BUENOS AIRES (Reuters) - Argentina’s black market peso is breaking away from the official spot rate by the largest margin since 2015, as political upheaval and currency controls spook investors about the currency’s real value.
The peso ARS=RASL, which has collapsed since a shock primary election in August hammered President Mauricio Macri, edged up in official trading on Monday after the government rolled out capital controls on Sunday to bolster the currency. It rose more sharply on Tuesday.
But in unofficial trade, the currency dropped on Monday and posted a slimmer rise on Tuesday, taking the gap between the two prices to near 10%, according to data compiled by Reuters. That move evokes memories of wide gaps under capital controls during the administration of former President Cristina Fernandez de Kirchner.
“When restrictions are put in place, even minor ones, there will always be a fear that is reflected by people resorting to the parallel market,” said Claudio Loser, Washington-based head of consultancy Centennial Group Latin America.
“It’s a matter of distrust,” added Loser, former director of the Western Hemisphere department of the International Monetary Fund. “They help the central bank not to lose so many reserves, but the distrust is certain to appear.”
The black market is an informal, and illegal, network of currency traders operating on the streets and in shadowy offices that has existed in Argentina for decades, waxing and waning, depending on demand for dollars outside regular channels.
In central Buenos Aires, hawkers known as “arbolitos” regularly shout out “cambio”, offering currency exchange to passers-by, then taking them to backrooms or street stalls where they unveil stores of cash.
Currency controls are a potential spur for the black market, which in some periods of strict rule, including under the military in the 1980s, made up a large portion of total trades. Under free-market champion Macri, it has been more on the fringes.
“It’s an illegal market, it’s small,” central bank head Guido Sandleris said at a briefing on Monday in response to a question from Reuters. He added that currency controls would only affect a small fraction of savers.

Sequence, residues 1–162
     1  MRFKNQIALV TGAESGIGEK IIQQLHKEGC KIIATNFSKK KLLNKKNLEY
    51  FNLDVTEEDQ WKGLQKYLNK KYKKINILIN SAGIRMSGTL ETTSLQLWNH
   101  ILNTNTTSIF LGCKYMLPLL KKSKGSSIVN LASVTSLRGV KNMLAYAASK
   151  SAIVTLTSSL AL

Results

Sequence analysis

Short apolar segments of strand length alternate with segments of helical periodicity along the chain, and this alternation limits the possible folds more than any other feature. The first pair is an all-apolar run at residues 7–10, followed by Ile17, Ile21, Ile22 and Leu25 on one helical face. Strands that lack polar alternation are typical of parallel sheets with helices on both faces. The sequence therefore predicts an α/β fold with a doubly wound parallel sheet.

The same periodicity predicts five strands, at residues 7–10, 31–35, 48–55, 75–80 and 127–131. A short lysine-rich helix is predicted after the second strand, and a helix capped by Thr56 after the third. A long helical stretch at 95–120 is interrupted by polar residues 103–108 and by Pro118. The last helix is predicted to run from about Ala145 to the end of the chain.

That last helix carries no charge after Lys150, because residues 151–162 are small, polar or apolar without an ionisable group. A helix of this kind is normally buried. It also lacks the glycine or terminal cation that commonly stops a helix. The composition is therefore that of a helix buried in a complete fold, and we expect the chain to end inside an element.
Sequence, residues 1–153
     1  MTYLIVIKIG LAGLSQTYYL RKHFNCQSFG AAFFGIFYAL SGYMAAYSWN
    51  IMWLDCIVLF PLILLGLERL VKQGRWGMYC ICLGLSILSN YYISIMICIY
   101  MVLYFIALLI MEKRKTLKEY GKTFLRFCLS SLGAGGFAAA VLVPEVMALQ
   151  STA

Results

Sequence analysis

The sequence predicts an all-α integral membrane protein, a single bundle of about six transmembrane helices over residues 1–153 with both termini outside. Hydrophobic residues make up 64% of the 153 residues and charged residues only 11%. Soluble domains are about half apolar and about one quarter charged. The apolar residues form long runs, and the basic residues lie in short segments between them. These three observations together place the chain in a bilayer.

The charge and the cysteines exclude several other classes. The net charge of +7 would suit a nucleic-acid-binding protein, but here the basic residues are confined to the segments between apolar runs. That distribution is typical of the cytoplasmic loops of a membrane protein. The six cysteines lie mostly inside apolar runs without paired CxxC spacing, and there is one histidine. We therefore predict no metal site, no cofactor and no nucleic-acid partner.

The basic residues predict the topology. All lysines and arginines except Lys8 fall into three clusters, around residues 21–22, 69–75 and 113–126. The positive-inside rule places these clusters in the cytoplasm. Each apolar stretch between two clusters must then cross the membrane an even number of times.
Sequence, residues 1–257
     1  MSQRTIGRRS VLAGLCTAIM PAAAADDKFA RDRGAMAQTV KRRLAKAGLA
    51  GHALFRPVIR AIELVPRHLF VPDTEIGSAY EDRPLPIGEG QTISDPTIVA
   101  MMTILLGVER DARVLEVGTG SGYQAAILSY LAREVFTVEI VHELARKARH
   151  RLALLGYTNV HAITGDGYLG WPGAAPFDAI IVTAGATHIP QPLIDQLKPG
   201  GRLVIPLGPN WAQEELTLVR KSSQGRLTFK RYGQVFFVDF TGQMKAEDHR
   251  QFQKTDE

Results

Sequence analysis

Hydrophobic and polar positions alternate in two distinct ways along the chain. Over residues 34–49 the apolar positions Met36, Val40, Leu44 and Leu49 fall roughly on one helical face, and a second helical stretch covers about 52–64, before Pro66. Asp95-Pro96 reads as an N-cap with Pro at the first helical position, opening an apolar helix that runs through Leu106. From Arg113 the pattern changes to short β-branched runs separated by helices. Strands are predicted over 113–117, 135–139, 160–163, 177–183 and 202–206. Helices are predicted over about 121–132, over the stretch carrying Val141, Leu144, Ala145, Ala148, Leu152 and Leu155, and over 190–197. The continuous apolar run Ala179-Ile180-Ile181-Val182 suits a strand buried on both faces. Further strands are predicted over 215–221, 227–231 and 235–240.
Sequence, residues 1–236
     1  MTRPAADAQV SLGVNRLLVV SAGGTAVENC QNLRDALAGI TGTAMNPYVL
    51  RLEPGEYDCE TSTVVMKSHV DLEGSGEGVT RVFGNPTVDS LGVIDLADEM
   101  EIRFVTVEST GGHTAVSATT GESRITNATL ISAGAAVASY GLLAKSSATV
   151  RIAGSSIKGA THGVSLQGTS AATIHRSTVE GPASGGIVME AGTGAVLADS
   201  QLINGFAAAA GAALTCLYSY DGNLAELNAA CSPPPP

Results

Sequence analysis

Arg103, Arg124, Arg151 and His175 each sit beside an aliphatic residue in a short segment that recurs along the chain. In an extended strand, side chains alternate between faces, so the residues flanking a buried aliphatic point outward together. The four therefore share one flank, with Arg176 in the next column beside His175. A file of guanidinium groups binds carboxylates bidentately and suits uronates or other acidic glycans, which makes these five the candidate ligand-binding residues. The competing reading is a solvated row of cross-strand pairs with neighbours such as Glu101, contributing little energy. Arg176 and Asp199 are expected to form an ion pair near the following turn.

“It existed before these measures and will continue to exist. The vast majority of currency exchange trades in Argentina will continue to occur in the spot market.”
Macri, who is fighting for political survival ahead of the general election on Oct. 27, has been forced to resort to controls he once strongly opposed. A big loss in the Aug. 11 primary led to the peso tumbling around 26% last month and the government announcing plans to delay debt repayments.
A foreign exchange trader said there had been a clear rise in demand for dollars via the parallel market, known locally as the “blue” market, and that over the next few days more people would likely seek to make a profit from the gap, buying dollars in the official market and selling them in the black market.
Former President Fernández de Kirchner, now a vice presidential candidate, imposed tight controls in 2011 that restricted savers’ access to dollars. The gap between the official and unofficial peso in her last year of power in 2015 was often above 50%, Reuters data show.
Macri’s main political rival, Alberto Fernandez, is now the clear favorite to win the general election, running on a ticket alongside Fernandez de Kirchner, a militant populist who led the country over two terms from 2007-2015.
The central bank and the treasury on Sunday rolled out a series of restrictions for buying and transferring foreign currency abroad, as well as deadlines for converting dollar earnings from exports into pesos in order to increase the amount of dollars in the financial system and reduce outflows.
Argentine bonds, equities and the peso collapsed after the primary election’s result, with investors worried left-leaning Peronist Fernández could usher in interventionist economic policies, despite being seen as more moderate than his running mate.
Argentines, used to the economic instability that has roiled South America’s No. 2 economy for years, have also moved to withdraw deposits from banks. Many people choose to save in the more stable dollar.
Reporting by Eliana Raszewski; additional reporting by Jorge Otaola; Editing by Adam Jourdan and Dan Grebler